|Location Map ( geo)|
|From:||Crossmyloof, Glasgow (NS562625)|
|Distance:||21.2 miles (34.1 km)|
|Meets:||B768, B762, A727, B7087, A735, B778, B7080, A736|
|Former Number(s):||B768, A736|
|Route outline (key)|
For many miles the B769 runs parallel to the A77 and there is some evidence in places that parts were once the original route between Kilmarnock and Glasgow. Today it offers an interesting back route between Glasgow and Irvine.
Glasgow to Newton Mearns
The B769 begins life in Crossmyloof in Glasgow just beside Pollok Country park, where the B768 turns off at a traffic-light-controlled junction. Although just an urban B-road prior to the extension of the nearby M77 to Newton Mearns this section of the B769 was originally very busy, carrying traffic between Glasgow and Thornliebank, Nitshill and Barrhead. An urban 4-lane single-carriageway, the road makes its way southwards into Pollokshaws, where the road briefly turns into a dual carriageway. After the opening of the M77 this section lost a lane in each direction (which was turned into a bus lane). At the Pollokshaws Roundabout it crosses the B762 (marking the road's original northern end) and continues south through Thornliebank where it rapidly becomes a narrow and slow single carriageway.
At the Spiersbridge Roundabout it crosses the A727 and continues South rapidly becoming less urban in nature as it crosses from Glasgow into East Renfrewshire. This part of the B769 is projected to have considerable new housing and commercial development and what was a entirely semi-rural road now shows frequent evidence of new housing estates and building work. This section has changed very rapidly in the last few years of the 2000s and has gained 4 new roundabouts and some widening work as it approaches Newton Mearns.
Here it meets a roundabout junction where the B7087 leads to a Junction with the M77. The road now skirts Newton Mearns, where it was widened in 2008 in preparation for the ongoing housing and commercial development. As it approaches the southern end of Newton Mearns it deviates from its original alignment to meet a roundabout where a right turn allows it to pass over the M77 before shortly turning off to the left at a traffic-light-controlled junction.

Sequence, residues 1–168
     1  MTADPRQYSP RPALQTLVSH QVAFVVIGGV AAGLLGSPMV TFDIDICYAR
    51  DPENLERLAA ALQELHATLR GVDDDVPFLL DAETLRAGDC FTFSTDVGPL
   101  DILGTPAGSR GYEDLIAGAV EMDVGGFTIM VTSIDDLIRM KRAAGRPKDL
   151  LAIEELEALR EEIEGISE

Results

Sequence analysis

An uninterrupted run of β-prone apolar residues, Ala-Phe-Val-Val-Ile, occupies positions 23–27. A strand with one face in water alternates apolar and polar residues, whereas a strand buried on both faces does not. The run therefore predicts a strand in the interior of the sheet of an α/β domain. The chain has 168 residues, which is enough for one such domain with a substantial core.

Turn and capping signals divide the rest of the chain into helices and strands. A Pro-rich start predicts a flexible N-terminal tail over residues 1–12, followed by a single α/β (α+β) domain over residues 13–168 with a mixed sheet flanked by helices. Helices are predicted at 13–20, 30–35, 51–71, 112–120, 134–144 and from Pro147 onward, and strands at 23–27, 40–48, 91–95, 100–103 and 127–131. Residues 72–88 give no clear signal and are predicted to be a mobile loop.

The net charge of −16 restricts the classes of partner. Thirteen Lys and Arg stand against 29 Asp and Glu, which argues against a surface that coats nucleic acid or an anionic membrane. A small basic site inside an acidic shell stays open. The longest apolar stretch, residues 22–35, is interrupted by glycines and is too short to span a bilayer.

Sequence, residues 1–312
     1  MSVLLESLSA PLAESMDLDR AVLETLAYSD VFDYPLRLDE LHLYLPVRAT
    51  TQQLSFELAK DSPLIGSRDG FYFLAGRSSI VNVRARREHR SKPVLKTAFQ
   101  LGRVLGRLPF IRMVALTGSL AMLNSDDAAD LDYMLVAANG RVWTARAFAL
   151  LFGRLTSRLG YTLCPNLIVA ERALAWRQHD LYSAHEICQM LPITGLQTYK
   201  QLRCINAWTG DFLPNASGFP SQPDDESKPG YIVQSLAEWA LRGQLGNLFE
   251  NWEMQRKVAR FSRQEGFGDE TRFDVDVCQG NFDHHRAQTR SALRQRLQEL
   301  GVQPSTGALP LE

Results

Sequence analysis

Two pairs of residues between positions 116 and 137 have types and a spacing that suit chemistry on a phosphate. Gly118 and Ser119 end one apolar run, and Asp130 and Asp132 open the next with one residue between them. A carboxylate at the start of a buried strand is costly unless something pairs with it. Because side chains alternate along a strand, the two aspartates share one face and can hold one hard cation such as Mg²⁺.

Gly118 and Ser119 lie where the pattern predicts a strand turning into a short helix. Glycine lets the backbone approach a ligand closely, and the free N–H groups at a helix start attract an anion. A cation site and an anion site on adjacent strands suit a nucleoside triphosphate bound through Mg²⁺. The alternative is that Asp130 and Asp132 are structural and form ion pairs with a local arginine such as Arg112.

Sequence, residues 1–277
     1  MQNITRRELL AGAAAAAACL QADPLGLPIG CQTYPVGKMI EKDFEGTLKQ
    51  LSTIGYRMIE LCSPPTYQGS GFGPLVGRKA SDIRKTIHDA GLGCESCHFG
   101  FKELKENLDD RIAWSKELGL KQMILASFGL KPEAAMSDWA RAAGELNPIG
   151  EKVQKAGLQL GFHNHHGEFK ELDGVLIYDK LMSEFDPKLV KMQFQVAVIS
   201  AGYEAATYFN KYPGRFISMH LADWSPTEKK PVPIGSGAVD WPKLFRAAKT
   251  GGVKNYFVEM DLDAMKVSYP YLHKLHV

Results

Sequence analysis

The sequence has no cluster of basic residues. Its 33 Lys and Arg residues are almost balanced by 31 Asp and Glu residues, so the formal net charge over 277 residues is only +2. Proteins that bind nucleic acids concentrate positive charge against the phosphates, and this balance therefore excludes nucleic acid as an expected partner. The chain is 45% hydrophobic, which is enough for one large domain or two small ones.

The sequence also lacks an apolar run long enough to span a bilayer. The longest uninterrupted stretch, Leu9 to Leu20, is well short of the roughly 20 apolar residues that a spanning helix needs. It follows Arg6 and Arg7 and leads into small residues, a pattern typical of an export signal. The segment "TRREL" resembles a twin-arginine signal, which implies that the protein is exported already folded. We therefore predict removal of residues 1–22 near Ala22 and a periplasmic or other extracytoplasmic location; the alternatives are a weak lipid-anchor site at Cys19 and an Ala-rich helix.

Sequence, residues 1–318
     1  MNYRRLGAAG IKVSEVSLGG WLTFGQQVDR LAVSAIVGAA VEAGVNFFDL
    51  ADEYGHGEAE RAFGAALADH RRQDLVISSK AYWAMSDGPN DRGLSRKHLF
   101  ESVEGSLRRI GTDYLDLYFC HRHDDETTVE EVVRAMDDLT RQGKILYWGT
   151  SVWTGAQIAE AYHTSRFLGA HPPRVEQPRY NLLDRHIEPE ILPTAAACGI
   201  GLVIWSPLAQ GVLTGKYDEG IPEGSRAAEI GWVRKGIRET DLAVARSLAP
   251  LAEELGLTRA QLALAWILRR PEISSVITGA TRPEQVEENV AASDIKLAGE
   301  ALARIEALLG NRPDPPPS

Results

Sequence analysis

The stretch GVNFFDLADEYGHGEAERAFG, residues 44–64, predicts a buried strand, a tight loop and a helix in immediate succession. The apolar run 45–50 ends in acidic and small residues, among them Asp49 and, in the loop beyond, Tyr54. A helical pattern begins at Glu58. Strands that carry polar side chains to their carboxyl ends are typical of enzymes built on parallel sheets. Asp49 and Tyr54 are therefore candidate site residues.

Newton Mearns to Stewarton
Returning to its original alignment the road becomes entirely rural in nature. Narrow and winding, the road twists its way through the farmland of East Renfrewshire. Forming little more than a local access road for nearby farms and hamlets this section is virtually deserted and it is not unusual for a driver to be able to travel the entire length between Newton Mearns and Stewarton without encountering a single vehicle. This is just as well as the northern end lacks any overtaking opportunities.
Initially green and verdant the farmland deteriorates as the road climbs steeply past the Bannerbank Quarry as the landscape turns to moorland, where the main landmark is White Loch, a private fishing lake. As it passes over the boundary into East Ayrshire the land begins to improve again and returns to farmland. The road also begins to become flatter and a little less winding as one of only two realistic overtaking opportunities presents itself, before we pass through the 1-street hamlet of Kingsford. A few more miles and the road begins to drop down into the town of Stewarton and returns to being urban in nature.
It is here that evidence of its historical nature can be found in its official street name of "Old Glasgow Road". Passing through a typical small town main street it comes to a traffic-light-controlled junction where it is joined by the A735 and B778, with which it forms a short multiplex through the town before the B778 peels off to the right at a mini roundabout.
After going under a railway viaduct, another mini roundabout marks the outskirts of Stewarton.
Stewarton to Irvine
As it leaves Stewarton the road dips down and turns off to the right, leaving the A735. It returns to its narrow, winding, rural form as it continues to head South. Again it is nothing more than a rural access road we leave traffic behind and, after a series of sharp hairpins, the road gives a hint of what is to come with a brief straight before swinging through a double bend into an arrow-straight section almost 3 miles long, which forms the single straightest section of the entire route. Leaving the straight section behind the road returns to its winding nature as it sweeps through the hamlet of Cunninghamhead and continues to make its way towards its ultimate destination. As we reach the outskirts of Irvine the road suddenly widens as it leaves its original alignment to bypass the settlement of Perceton (which it once cut through on its way to a junction with the original route of the A736); the road is now obviously more recently built (completed 1991) as it forms two long sweeping curves before becoming arrow-straight as it begins to enter Irvine. The junctions of the local access roads have the always unusual feature of single carriageway slip roads. It finally reaches it end at the Stanecastle roundabout, where it forms a junction with the B7080 and the both the current and historic A736 routes.